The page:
It is not that, though – he knows he will like what happens next, and it scares him that the thought of revenge and vengeance and settling scores calls out to him so viscerally. But his thoughts dash to notes on cold tables and lonely houses, and the anger that bubbles is overwhelming.
He opens the door.
The road to hell, he thinks, is an amazingly short one.
“Congratulations on your promotion, Watcher Tyler.”
The accolades and titles-to-her-name trail behind her, like sneering schoolchildren. Watcher, First-Rank,. Her rapid rise through The Government has been tracked by curious and invested eyes, judging and weighing and gossip-whispering. The ranks and titles are burdens she carries on her thin shoulders, along with the weight of the world.
The Government’s headquarters is housed in a monolithic chrome building, rising from the ground like a defiant tombstone. It is stark and soulless and emotionless and cold, and she hates it, but there is little that she can do. All the world is a stage, are they are all merely players. The playing board is a rigged one, and there are only Kings and Queens and Pawns.
The insignia of her new rank is pinned onto her coat, a gold lapel pin that glints like the eyes of monsters in the dark. It burns her. The paperwork is filed, and the appropriate forms are submitted; their lives documented and recorded and followed every step of the way.
“Report to Level Eighty-Nine,” the Watcher administrator tells her. The next phase of her life waits, eighty-nine teetering, sky-piercing floors away. She does not look forward to it.
The journey upwards is fast, the lift speeding-soaring-killing, like bullets in a barrel. Level Eighty-Nine, everyone knows, is where The Government’s Power is, tightly held in the fists of faceless and nameless men. Eighty-nine levels up, she thinks, and wonders why she feels like she should really be heading down, into places like sub-levels and cafeterias-under-ground. It is a feeling she cannot fully shake, no matter how hard she tries.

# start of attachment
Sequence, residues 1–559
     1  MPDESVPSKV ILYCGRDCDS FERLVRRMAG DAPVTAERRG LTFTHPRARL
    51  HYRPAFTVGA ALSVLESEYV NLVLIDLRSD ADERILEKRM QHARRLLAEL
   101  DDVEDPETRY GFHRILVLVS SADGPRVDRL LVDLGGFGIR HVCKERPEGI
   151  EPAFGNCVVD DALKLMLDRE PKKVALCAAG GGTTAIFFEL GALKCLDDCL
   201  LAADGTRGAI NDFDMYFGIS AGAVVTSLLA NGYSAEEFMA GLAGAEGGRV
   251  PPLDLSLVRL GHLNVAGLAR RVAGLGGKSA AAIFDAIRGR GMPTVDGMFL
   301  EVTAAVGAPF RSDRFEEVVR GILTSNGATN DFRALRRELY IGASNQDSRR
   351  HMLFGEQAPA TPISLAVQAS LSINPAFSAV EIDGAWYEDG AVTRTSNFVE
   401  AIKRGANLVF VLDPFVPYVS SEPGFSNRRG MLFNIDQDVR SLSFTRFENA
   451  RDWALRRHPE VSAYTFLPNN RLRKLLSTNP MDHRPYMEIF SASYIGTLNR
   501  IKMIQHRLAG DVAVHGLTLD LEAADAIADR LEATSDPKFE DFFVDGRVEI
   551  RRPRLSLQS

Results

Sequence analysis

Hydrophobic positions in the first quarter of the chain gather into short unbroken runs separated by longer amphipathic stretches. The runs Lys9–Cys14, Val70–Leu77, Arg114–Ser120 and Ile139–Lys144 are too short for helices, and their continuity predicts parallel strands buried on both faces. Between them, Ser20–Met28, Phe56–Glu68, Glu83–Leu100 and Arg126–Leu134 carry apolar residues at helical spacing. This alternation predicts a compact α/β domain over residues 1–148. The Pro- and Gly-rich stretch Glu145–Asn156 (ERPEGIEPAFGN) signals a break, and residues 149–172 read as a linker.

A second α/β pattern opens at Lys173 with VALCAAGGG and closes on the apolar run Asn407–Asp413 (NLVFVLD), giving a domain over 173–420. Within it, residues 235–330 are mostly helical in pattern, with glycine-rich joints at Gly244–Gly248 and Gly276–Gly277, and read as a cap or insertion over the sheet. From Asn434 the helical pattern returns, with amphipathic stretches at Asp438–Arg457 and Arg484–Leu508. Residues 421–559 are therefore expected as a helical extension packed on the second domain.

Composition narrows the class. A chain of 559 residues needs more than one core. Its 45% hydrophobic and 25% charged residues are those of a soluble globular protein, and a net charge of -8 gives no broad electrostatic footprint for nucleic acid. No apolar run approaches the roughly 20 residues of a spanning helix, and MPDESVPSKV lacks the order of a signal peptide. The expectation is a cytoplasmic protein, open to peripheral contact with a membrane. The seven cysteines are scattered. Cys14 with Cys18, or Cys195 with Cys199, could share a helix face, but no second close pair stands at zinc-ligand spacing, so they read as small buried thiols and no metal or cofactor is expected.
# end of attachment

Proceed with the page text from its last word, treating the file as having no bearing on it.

The lift doors slide open noiselessly, and the room she steps into is blinding-searing bright. Sunlight floods through the floor-length windows on all sides, bathing the space in a yellow glow that is almost holy. It is not, she knows, and the floor is silent, like only the dead can truly be.
“Sit,” a voice calls from the far right, and the face of this stranger is obscured by the shadow the light casts. The word is hard and clipped, spoken by a man The Network has nothing on. It scares her, but she sits anyway.
He turns a little, and his profile is harshly lighted; slick and cruelly handsome and icily ruthless, the Devil in human form. When she fists her hands in her lap, she tells herself it is not out of fear and trepidation.
“So I hear you’re my new Watcher,” he continues, and the words cut as it slides across her skin, slicing her into a thousand tiny pieces. “How delightful.” He leans forward; resting his elbows on the glass table before them, steepling his fingers. “Tell me, Watcher, what is your name?”
She cannot explain why she doesn’t want to tell him, why the three syllables of her name have to be yanked out. “Rose,” she tells him. “Rose Tyler.”
“Mmm, Rose,” he says, drawing the syllable out like it is a treat to be tasted slowly, or the head of an insect to be bitten off. He smiles at her across the table, and it is chilling and vicious.
“You can call me The Master.”
All the world is a stage, but she never wanted to play.
The Director is not surprised to see him. He should be disappointed, he thinks, but revels in the thought that she had known her day of reckoning was coming. She should have known from the start that Ro – that she was off-limits. It had made things very simple, once he had found out Director Jones had been behind all this. There are no forces on earth that can stop him now.